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Some parents express concern over MPUSD school closure announcement

MONTEREY, Calif. (KION) Two elementary schools and one middle school will be closing their doors in the Monterey Peninsula Unified School District in the near future.

It's not by choice, according to the district. Instead, the closures are a forced decision given the district's declining student enrollment. As a result, Highland and Foothill elementary schools, and Walter Colton Middle School will be moving their students to other area schools in the future.

Hilda Coleman, known as "Mother Coleman" in the community, has lived near Highland Elementary for a number of decades. She has had six children that attended the school. While the closure is something that has been discussed in the past, people never thought the day would arrive.

"It just took me by surprise. You know they have said that before. They had said that several times of closing but they didn't, Highland School. And now we're not thinking about it closing now. I guess it's going to be a reality," said Hilda Coleman.

According to the district, both Highland and Foothill will close in the 2022-2023 academic school year. Meanwhile, Walter Colton Middle School will close in what would be the 2023-2024 academic school year. Children will be allocated to existing schools in redrawn school boundaries. The District released this statement to try and answer questions parents may have:

Moving forward, the district will host additional reconfiguration and consolidation community engagement meetings between August 2021 and January 2022. The dates, times and locations will be posted soon and shared with families. During the meetings, the district will share information on the redrawing of attendance boundaries to ensure diversity of students, the potential move of the Dual Language Academy of the Monterey Peninsula to Highland, facilities decisions about the transitional kindergarten - 8th grade Monterey sites (e.g., Monte Vista Elementary and La Mesa Elementary), and finally updated Board Policy Transfer decisions.

pk Diffenbaugh, mpusd superintendt

One former Highland student says the closer the school, the better.

"I just don't like to hear they're trying to close down the school that benefits these apartments. It benefits parents who may be single parents and they may have just only one parent in the household and if they have to go to work early, it's easier for their son to wakeup, get some cereal, and run right across the street," said Mohammad Ali, former Highland Elementary student.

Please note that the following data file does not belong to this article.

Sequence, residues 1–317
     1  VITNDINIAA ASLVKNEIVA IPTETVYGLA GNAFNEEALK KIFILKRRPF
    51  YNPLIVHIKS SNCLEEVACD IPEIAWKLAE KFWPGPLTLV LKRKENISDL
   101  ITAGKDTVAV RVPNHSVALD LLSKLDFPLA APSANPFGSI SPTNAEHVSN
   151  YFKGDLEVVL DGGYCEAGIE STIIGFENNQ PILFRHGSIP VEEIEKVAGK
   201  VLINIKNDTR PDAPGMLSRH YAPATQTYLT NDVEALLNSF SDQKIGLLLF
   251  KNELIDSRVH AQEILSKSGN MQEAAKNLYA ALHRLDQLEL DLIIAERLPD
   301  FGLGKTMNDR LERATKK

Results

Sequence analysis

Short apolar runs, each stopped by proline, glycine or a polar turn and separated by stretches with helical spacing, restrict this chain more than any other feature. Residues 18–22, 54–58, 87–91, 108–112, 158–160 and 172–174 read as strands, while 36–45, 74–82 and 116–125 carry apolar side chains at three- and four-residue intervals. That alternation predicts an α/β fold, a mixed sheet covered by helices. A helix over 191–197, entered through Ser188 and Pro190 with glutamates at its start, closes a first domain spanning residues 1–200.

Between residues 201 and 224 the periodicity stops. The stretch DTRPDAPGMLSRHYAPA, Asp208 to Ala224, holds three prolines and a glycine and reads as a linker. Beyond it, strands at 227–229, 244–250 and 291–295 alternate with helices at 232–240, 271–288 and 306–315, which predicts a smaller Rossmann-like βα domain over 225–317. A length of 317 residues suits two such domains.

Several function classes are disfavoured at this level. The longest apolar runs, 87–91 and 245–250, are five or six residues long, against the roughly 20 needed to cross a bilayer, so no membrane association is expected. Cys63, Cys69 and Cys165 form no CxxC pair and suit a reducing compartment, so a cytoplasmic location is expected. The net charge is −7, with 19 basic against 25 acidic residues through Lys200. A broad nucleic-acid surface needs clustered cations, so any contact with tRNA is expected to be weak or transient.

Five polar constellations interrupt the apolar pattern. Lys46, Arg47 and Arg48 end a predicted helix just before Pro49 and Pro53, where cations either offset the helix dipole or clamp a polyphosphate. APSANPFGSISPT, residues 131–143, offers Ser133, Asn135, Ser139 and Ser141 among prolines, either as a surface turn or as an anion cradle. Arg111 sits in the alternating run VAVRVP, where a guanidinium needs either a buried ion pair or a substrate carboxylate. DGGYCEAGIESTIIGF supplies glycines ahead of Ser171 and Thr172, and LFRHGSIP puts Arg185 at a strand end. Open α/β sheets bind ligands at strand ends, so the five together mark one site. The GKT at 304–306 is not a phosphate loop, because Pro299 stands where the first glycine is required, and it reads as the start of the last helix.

The closures are a direct result of declining enrollment over the last ten years. Highland and Foothill have faced low enrollment numbers, with less than 300 each. The overall average enrollment for MPUSD Elementary School is 367. Still, some parents we spoke with with children in the schools say they have concerns about where their children will end up and how they will get to their new school. While others understand the move.

Tevin Caros, a former Highland student tells KION, a closure like this is disappointing.

"It's a school for everybody that was around here. It's the closest school. You just had to walk across the street and now everyone has to drive or walk even farther and some people don't have a car," said Tevin Caros, a former Highland student.

The district has yet to determine the new school boundaries.

Education / Local News / Monterey County / News / Video
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Veronica Macias

Veronica Macias is an evening anchor at KION News Channel 5/46.

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Stephanie Aceves

Stephanie Aceves is a multi-media journalist at KION News Channel 5/46.

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1 Comment

  1. Wow…three schools. I really feel for the parents and kids. I know that the county is responsible to bus the children to school, but many parents (I was one of them) won’t allow their children to be bussed. Good luck, we all knew getting the country back up and running was not going to be without sacrifices.

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